Sunday, January 21, 2007

Movie Review: Princess Mononoke 4 ½ Stars

The highest grossing film in Japanese history, Princess Mononoke (Mononoke Hime) is the most recent masterpiece from anime sensei, Hayao Miyazaki. Like his previous efforts, Naussica Of The Valley Of Wind, Kiki’s Delivery Service and My Neighbor Totoro, Princess Mononoke is a complex allegory (with Miyazaki’s signature eco-Marxism overtones). In Princess Mononoke, good and evil, right and wrong, yes and no are not clearly defined; the heroes of the tale are peasant and samurai, men and women, forest gods and humans alike.

The English-language translation was adapted by Sandman comic creator Neil Gaiman and voiced by Billy Crudup, Minnie Driver, Claire Danes, Billy Bob Thornton, Jada Pinkett-Smith and Gillian Anderson under the helm of acclaimed ADR director Jack Fletcher.

Ashitaka (Billy Crudup), the sole remaining warrior of the dying Emishi clan, unwittingly kills a Boar God-turned-Demon God to protect his village. His act brings a curse, a lesion on his arm that seethes with hatred and rage. To free himself from the curse, Ashitaka must travel to the primeval forest to discover the catalyst for the Boar God’s possession.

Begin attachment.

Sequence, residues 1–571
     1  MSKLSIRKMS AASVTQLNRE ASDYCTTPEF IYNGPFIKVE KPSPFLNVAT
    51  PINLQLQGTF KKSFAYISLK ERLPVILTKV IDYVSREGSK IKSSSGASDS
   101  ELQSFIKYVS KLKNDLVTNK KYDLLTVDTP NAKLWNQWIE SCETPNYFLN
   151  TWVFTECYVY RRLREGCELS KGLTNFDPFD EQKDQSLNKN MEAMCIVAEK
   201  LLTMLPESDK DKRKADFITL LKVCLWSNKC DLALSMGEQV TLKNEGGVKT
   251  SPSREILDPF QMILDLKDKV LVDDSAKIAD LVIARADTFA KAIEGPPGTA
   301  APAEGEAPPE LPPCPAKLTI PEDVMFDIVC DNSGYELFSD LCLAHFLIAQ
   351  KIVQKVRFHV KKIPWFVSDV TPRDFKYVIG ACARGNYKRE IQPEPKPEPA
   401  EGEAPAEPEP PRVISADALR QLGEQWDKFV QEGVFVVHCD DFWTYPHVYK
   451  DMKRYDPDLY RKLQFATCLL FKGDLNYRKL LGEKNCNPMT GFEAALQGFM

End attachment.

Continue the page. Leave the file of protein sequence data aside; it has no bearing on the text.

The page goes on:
The Tatara, ruled by the proud Lady Eboshi (Minnie Driver), operate an ironworks, principally to make bullets and firearms for their war. Their trade ravages the forest and pollutes the streams, angering the Ape Gods, who, at night, attempt to replant the trees. Moro, the Wolf God, is especially at odds with Lady Eboshi. Moro’s daughter, a human girl named San, the Princess Mononoke (Claire Danes) is dispatched to kill Lady Eboshi to bring harmony again to the forest. But Ashitaka prevents this. He is both in love with San and sees the good in Lady Eboshi, who employs whores and lepers in Iron Town.

Deceived by the treacherous monk, Jigo (Billy Bob Thornton) who seeks to decapitate the Great God of the Forest for the Emperor, Ashitaka becomes embroiled in a savage battle between two warring clans and the Forest Gods trapped in the middle.

An impressive period drama in any medium, Princess Mononoke is especially impressive in its visuals, mostly hand-drawn, mostly by Miyazaki, himself. Princess Mononoke not only raises the bar for anime, but sets a new standard for animated features across the globe. Sumptuous!

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